More information about the Congressional probes into the Obama-era Uranium One deal leaked out Thursday when Reuters reported that Senate Republicans say their investigation into the Clinton’s role in approving the deal largely hinges on the testimony of a secret informant who was until recently the subject of a federal gag order.
But a month after Trump asked the DOJ to lift the gag order – a command that the DOJ promptly obeyed – the man has decided to speak out publicly for the first time in an interview with Reuters.
His name is Christopher Campbell, and was formerly a lobbyist for Tenex, the US-based arm of Rosatom, the Russian government’s nuclear agency.
At the time the Uranium One deal was approved, Campbell was a confidential source for the FBI in a Maryland bribery and kickback investigation that eventually led to the conviction of the head of the US unit of Rosatom, the Russian state-owned nuclear power company that received permission to buy Uranium One from a US strategic-resources panel, on bribery and corruption charges. Campbell was identified as an FBI informant by prosecutors in open court and by himself in a publicly available lawsuit he filed last year, but his identity as the informant was somehow not widely known, Reuters noted.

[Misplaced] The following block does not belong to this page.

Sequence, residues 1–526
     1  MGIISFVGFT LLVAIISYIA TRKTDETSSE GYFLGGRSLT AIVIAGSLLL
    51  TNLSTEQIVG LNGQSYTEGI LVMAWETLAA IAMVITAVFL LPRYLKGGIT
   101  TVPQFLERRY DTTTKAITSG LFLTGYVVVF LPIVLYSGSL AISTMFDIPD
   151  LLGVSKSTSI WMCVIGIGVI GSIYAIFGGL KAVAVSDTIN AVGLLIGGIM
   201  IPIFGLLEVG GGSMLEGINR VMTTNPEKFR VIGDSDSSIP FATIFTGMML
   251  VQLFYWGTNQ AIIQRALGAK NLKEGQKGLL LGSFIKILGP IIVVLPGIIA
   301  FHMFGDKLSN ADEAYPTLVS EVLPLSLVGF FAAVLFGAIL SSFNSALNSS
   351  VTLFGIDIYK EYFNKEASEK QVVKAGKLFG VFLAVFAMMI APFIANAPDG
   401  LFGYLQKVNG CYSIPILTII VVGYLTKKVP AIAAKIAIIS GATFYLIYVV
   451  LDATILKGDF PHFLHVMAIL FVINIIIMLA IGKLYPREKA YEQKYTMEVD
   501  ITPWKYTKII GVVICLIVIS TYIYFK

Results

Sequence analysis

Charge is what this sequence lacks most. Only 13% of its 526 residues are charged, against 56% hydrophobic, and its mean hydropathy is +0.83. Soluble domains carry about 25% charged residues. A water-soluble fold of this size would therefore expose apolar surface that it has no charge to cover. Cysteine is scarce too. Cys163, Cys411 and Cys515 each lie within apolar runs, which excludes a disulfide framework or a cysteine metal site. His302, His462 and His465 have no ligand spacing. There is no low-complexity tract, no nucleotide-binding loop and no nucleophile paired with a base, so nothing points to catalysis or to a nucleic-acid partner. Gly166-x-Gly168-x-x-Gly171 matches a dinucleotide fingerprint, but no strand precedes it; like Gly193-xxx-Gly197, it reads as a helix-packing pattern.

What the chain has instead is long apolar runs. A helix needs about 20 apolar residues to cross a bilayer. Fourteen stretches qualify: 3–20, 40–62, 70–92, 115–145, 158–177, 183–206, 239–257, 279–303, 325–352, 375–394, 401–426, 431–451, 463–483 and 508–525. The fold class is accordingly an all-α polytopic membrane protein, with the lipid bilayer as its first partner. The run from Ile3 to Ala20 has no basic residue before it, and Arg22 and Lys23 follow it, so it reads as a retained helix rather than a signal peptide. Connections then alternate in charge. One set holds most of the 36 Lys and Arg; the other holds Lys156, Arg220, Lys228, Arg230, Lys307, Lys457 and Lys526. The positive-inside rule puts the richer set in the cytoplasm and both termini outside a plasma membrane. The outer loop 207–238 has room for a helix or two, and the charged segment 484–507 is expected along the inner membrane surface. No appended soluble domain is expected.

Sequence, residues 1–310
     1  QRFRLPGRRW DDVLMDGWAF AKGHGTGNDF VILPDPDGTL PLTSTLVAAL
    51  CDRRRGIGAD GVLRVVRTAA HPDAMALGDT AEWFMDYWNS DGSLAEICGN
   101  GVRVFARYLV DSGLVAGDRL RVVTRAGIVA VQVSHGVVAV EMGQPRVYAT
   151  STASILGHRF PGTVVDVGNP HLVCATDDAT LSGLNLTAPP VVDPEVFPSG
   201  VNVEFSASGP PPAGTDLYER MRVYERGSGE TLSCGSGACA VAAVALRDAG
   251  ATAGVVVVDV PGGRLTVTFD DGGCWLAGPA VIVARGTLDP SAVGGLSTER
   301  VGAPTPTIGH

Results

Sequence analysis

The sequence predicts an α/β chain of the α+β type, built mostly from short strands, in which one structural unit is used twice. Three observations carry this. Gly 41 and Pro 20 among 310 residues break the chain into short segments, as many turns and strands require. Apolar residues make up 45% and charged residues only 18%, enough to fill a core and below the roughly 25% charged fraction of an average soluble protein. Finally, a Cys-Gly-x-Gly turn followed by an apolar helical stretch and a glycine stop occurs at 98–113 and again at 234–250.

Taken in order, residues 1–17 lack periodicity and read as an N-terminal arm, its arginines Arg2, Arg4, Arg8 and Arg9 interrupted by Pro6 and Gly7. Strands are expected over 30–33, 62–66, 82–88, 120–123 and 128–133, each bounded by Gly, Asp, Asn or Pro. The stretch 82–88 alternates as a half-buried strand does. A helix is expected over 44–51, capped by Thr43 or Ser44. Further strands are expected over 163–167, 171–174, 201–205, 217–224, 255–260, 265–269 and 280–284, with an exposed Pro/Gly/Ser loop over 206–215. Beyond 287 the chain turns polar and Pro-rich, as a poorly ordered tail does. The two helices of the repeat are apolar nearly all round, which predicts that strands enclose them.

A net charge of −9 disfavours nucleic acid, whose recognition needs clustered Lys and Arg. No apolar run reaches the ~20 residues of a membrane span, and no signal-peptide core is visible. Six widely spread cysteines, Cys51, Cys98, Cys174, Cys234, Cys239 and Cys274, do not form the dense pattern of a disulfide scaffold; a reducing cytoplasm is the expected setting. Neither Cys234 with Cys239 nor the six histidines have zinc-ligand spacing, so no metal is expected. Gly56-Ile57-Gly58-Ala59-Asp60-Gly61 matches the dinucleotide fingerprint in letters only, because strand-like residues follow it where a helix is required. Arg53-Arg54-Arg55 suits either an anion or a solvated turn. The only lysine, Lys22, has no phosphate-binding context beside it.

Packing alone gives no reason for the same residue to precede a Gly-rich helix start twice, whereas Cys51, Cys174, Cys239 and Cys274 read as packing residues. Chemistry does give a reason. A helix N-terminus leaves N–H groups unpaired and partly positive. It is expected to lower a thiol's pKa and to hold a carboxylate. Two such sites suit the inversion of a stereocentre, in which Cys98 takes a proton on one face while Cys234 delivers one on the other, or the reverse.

That’s largely because the DOJ put Campbell under a gag order after the investigation was settled. The FBI never informed Congress of its investigation into corruption at Rosatom and Uranium One, and in 2010, Hillary Clinton and a majority of the nine-member panel voted to approve the sale of Uranium One to Rosatom – thereby ceding control of 20% of US uranium assets to Russia.
In a telephone interview with Reuters, Campbell said he wanted to testify because of his concerns about Russia’s activities in the United States, but declined to comment further.
Campbell’s lawyer, Victoria Toensing, who has not previously identified her client, said despite Campbell telling the government ”how corrupt the company was,” Rosatom still got permission to buy Uranium One. She did not say what Campbell would reveal regarding any alleged wrongdoing by Clinton.